Jan. 18, 2018.
Most homeowners are shocked to learn that hanging on to the same mortgage rate throughout the life of your loan isn’t encouraged, and it isn’t an industry standard. Just like routine home maintenance and budget balancing, loan officers recommend a yearly check-in to revisit your mortgage.
When you refinance your home, it’s out with the old and in with the new. This means that:
- You could get a new mortgage to replace your old mortgage, a process lenders refer to as home refinancing.
- Home loan refinancing is primarily done to help you get a better interest term and rate.
- Your first mortgage will be paid off, a new mortgage loan will be created, and you may walk away with a better deal.
- If you don’t find a more attractive mortgage option at your refinance meeting, then the deal stays on the table.
To put it more plainly, if you’ve long been eligible for a lower mortgage interest rate, neglecting your mortgage could be costing you more than you need to pay each month. This amount of “missed savings” can compound and get bigger with each year.
Savings alert! Get in touch with a Cornerstone loan officer to find out if you can benefit from a mortgage refinance.*
Loan officers answer 4 common refinance questions and explain benefits
If it’s been a year or more since you talked to your lender, they’d love to hear from you.
Your loan officer can help you get to the bottom of some of the most common home refinance questions, like:
1. Can a home refinance reduce a monthly mortgage payment?
Scott Cummins at Cornerstone Home Lending, Inc., NMLS #208602, has one basic rule of thumb for homeowners looking to save with a refinance: A refinance needs to earn its keep. That is to say, the savings needs to warrant the cost. A refinance can be used in some cases to reduce a monthly mortgage payment, depending on a borrower’s original loan terms and the adjustments that are made.
There are several moving parts in a mortgage that can influence the decision to refinance, Cummins explains. For example, if a home was purchased with a low-down payment mortgage that included mortgage insurance, a refinance at current market value may provide the equity to remove this monthly cost. Cummins qualifies, “Rates have been on the low end for quite some time now, so the expectation of refinancing and reducing your rate by a full point or more may not be met.”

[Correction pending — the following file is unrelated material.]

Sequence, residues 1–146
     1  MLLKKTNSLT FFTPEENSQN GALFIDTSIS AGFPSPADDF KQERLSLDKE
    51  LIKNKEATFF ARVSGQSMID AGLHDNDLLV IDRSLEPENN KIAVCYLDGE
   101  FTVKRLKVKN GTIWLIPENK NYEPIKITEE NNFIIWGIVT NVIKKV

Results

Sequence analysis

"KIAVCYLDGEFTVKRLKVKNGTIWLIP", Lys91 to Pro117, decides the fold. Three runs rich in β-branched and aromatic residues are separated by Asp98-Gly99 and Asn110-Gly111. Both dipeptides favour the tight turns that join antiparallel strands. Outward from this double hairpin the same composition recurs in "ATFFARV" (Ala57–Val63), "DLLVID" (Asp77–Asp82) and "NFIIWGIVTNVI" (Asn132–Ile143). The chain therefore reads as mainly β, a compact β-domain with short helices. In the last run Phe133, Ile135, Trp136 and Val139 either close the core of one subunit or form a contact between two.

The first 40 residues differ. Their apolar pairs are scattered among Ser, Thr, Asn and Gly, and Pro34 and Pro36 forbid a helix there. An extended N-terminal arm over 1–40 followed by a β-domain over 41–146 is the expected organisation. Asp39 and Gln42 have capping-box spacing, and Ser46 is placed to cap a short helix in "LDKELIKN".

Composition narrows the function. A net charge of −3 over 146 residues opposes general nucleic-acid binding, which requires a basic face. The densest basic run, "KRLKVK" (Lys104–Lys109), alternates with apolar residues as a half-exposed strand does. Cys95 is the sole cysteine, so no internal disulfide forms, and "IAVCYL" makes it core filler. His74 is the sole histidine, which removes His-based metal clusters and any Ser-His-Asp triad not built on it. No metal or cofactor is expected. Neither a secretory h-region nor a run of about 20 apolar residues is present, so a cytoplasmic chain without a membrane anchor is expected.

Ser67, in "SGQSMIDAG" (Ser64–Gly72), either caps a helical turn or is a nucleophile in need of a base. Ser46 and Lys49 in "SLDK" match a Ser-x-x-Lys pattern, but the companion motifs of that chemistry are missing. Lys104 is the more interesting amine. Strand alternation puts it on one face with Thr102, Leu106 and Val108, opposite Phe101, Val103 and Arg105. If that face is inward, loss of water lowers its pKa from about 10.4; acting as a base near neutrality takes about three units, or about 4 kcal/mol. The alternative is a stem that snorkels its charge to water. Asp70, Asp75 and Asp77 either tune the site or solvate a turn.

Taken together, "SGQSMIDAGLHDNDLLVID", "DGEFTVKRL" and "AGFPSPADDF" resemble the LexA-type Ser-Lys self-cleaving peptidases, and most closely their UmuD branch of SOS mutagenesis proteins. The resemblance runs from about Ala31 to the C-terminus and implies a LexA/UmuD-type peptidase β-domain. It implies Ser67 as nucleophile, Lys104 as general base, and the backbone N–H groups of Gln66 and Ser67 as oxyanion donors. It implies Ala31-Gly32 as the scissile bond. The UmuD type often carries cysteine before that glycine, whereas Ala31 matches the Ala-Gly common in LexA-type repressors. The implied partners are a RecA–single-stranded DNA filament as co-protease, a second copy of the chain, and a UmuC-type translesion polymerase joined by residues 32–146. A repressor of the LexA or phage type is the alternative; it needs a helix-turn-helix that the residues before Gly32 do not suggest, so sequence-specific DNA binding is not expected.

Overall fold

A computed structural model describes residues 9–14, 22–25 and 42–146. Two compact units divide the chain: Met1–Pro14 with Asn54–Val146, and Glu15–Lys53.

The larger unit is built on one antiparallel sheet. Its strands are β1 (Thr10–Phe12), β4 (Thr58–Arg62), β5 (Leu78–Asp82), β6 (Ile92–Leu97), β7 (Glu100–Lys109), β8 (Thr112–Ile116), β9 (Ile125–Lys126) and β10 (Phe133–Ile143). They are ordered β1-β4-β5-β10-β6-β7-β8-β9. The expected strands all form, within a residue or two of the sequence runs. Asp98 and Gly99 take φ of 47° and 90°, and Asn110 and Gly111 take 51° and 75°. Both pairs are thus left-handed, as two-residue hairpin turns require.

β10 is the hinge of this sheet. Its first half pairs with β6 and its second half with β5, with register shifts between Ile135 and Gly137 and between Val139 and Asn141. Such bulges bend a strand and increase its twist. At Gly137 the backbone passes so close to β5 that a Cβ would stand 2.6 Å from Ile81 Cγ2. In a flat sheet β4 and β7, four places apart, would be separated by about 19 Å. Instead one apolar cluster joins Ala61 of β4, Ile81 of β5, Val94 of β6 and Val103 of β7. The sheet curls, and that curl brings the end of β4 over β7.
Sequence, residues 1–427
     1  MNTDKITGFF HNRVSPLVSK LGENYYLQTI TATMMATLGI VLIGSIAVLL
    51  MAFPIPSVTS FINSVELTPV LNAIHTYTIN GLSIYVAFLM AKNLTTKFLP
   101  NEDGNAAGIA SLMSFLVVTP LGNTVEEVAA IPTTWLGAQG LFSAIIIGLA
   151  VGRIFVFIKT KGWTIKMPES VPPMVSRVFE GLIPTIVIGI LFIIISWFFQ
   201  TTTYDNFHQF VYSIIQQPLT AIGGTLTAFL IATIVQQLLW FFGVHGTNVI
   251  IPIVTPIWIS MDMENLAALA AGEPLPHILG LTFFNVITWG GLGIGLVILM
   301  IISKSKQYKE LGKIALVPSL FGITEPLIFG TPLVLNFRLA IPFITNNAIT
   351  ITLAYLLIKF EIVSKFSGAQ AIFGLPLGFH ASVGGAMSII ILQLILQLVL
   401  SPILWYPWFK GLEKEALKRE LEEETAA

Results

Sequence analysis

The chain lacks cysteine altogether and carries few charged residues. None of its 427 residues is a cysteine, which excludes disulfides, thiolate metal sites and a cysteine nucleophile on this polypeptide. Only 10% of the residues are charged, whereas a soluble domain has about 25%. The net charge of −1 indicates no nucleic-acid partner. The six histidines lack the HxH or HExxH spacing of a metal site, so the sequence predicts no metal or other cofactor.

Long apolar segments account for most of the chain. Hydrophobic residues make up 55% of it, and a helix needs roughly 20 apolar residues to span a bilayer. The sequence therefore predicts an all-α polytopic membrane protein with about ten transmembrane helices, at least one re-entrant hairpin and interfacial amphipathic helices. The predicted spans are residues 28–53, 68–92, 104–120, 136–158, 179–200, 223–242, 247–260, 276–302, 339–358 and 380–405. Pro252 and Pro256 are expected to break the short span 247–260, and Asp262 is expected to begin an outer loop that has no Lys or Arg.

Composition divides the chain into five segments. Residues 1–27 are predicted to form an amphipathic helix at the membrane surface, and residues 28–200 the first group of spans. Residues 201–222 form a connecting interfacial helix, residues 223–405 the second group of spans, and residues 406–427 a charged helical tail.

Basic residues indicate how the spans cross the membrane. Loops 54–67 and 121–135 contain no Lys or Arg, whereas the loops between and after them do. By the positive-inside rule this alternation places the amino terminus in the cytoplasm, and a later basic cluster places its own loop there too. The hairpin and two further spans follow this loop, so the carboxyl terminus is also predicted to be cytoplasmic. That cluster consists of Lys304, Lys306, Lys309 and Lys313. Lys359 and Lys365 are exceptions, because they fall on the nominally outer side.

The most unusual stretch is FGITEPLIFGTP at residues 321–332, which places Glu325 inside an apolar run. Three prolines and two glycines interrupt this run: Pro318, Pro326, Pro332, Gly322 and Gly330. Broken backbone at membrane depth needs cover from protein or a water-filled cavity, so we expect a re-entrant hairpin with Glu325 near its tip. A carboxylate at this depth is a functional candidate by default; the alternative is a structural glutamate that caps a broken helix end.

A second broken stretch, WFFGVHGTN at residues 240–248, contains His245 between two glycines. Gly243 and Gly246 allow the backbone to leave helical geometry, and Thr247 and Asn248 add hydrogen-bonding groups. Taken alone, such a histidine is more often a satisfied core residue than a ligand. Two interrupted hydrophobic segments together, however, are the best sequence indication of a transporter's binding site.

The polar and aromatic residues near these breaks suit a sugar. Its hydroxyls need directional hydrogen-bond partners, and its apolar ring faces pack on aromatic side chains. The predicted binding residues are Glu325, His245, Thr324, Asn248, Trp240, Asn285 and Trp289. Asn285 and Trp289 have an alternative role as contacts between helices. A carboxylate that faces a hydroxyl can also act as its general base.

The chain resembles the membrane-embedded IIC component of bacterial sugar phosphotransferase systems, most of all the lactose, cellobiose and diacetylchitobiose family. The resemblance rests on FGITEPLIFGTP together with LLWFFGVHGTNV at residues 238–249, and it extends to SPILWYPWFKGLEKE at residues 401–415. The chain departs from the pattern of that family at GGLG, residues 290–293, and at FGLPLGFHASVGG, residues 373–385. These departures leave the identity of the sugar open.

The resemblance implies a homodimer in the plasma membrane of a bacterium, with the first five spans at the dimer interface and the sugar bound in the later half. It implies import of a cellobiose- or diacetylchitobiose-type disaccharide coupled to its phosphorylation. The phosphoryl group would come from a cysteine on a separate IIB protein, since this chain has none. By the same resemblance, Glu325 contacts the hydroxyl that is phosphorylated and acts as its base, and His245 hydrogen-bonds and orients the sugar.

Changing terms to a slightly lower rate may allow a borrower to keep the payment the same while shaving off several years from the note. This, Cummins says, equates to substantial long-term savings.
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Takeaway benefit: A skilled loan officer like Cummins can walk you through the potential payoffs of a mortgage refinance.
Many homeowners miss out by not checking in with their loan officer because they may be overwhelmed or intimidated, as Kelly Zitlow, Vice President at Cornerstone, NMLS #164330, has seen firsthand. When Zitlow was recently contacted by a past client over the summer about refinancing, they worked out a strategy to combine his first mortgage and his home equity line of credit, taking some cash out for home improvements.
“My client was so busy with life, he struggled to make the time,” Zitlow says. “I notified him the loan application could be accomplished in 15 minutes over the phone (during business hours), and many refinances require less paperwork than a home loan used to purchase a home.” Zitlow reports that her client’s refinance closed, he’s accomplished his financing goals, and he’s now saving $600 per month.
2. When is the right time to refinance?
“‘To refinance or not refinance?’, that is the question,” Cummins quips. “More accurately, that is the question many homeowners are asking friends at barbecues or co-workers in the lunchroom. They’re bombarded by online advertising and radio ads touting thousands of dollars in savings. But, how do you know when a refinance really makes sense?” Cummins says his clients come to him often with this simple question.